On the other hand, bare-metal programmers also experience the difficulty of managing high levels of complexity. If projects that are already not so small unexpectedly become larger in the course of the implementation phase, for example if new features are added that were not taken into account in the preliminary planning, it can become difficult to maintain an overview. If, in addition, programming is done in assembler and the documentation for a board is insufficient or the hardware abstraction layer is missing, even an experienced programmer can start sweating. One can accuse operating systems of overhead and distrust their functionality, but they undoubtedly reduce the programming effort by providing functionalities for memory management and also process management and by allowing programming with a high-level language like C, which brings libraries that make the programmer's life easier, but which cannot be used in bare-metal programming. It should not be concealed that also that can be sometimes effortful, e.g. by having to block resources manually with semaphores. However one receives in each case a large measure of organization liberty. This becomes clear when you realize that separating resources in time and space makes it possible for security- and safety-critical applications to run alongside Linux/Android partitions on one hardware.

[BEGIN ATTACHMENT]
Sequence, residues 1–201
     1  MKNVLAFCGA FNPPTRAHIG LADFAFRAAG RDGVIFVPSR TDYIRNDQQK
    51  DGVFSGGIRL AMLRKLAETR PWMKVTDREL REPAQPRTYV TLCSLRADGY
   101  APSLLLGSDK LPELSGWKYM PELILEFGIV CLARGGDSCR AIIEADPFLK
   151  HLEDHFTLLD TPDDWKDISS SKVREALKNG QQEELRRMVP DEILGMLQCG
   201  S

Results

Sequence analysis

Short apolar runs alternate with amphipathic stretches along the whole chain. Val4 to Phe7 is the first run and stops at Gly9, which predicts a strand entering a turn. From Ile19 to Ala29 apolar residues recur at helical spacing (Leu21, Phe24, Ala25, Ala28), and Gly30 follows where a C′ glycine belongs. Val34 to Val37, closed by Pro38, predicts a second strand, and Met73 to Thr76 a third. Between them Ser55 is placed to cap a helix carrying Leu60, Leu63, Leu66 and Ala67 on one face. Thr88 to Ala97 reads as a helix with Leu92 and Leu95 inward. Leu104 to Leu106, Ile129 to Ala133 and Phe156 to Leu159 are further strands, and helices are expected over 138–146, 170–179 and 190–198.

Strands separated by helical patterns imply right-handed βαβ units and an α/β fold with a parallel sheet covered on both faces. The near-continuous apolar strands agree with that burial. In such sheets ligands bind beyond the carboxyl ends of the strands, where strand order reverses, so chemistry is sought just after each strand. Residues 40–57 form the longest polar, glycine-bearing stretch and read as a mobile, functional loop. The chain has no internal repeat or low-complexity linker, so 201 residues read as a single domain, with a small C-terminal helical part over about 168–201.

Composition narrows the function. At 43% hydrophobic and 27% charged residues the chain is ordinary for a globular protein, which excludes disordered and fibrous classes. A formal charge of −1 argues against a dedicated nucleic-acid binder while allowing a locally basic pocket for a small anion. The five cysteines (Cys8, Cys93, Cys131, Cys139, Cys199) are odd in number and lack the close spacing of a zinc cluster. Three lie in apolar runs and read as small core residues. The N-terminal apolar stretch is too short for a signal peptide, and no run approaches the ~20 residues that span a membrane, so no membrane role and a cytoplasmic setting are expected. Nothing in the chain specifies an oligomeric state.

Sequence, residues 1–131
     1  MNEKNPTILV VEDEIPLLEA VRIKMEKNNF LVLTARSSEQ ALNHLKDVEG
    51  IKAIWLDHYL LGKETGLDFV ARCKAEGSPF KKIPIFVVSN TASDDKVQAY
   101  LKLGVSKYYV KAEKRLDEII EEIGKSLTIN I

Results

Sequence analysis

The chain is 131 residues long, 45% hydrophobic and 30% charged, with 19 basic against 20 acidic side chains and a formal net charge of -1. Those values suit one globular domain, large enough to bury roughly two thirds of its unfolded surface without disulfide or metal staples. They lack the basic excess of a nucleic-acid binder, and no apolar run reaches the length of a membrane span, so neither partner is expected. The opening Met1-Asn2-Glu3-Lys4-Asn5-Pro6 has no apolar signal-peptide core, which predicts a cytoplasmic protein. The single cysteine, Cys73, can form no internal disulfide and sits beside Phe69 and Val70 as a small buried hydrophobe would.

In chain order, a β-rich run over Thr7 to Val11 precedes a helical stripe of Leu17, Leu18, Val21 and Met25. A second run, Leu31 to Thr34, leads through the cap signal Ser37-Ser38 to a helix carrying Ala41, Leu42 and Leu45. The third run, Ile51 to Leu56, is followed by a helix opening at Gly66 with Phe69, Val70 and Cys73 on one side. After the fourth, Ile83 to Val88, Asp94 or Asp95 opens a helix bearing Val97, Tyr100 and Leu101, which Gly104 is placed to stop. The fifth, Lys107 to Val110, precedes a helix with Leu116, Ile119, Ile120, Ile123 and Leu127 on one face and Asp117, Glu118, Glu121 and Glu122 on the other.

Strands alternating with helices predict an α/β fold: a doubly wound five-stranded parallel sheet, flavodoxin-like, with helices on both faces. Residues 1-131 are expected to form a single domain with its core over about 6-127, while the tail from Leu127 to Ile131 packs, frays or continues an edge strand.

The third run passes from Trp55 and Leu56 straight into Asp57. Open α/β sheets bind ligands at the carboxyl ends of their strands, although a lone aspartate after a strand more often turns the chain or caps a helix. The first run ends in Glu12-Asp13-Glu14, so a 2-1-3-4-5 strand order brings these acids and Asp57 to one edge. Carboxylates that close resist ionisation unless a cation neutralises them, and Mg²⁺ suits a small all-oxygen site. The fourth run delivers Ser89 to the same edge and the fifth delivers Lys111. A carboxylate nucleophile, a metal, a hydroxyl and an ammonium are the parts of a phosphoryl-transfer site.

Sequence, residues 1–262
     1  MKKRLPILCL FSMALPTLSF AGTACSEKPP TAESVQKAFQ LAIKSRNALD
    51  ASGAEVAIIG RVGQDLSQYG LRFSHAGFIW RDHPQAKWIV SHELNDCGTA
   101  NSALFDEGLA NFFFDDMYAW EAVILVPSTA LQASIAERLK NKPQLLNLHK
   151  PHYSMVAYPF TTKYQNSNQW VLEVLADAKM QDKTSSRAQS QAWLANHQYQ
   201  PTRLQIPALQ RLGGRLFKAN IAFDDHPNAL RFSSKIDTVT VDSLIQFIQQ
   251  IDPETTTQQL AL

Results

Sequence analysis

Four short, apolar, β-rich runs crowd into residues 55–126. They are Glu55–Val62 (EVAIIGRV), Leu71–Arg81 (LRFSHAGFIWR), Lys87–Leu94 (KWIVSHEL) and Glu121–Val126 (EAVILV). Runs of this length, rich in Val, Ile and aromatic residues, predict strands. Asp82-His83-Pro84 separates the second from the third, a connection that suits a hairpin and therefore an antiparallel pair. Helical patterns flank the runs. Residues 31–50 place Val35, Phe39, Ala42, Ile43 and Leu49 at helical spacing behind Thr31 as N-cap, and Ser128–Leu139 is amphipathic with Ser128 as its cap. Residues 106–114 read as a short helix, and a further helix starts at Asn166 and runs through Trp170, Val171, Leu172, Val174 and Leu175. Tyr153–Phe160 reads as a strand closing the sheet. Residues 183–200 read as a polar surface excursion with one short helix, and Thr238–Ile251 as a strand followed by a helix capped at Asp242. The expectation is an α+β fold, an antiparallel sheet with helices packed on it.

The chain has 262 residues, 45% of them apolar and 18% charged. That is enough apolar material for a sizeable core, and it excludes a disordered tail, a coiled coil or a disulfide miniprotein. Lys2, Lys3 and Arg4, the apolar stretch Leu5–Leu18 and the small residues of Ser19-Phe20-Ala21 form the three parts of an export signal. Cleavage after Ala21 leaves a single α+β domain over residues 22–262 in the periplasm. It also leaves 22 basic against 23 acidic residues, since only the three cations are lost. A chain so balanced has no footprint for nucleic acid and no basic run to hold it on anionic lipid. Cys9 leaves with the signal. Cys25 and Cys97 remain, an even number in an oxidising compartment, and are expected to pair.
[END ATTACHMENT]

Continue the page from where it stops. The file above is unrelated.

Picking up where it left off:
Weighing up when bare metal programming makes sense and when it doesn't is not always easy, even if there are protégés among those for and against who categorically advocate one or the other. But some (also non-technical) aspects besides those already mentioned, should be considered: In addition to the consideration of how much effort it means to write programs directly for the corresponding hardware and the aspect of being responsible for an application without any ifs and buts, both positively and negatively, it can become a project risk if employees are absent for a longer period of time at short notice. Finding a replacement quickly is not easy with C, Rust or Python programmers, but critical when assembly skills are required. This is especially the case when a project is far advanced and in-depth expertise is needed. On the technical side, reliability considerations are often brought into play. It is certainly true that with increasing complexity, the chance for error-proneness generally increases and, in the best case, a 100 percent third-party application can be monitored, but errors can also occur in bare-metal programming. The advantage of an actuator system is then that certain functionalities are field-tested and follow strict safety standards such as DO-178C in aviation or ISO 26262, and therefore allow a reasonable degree of confidence in the functionality.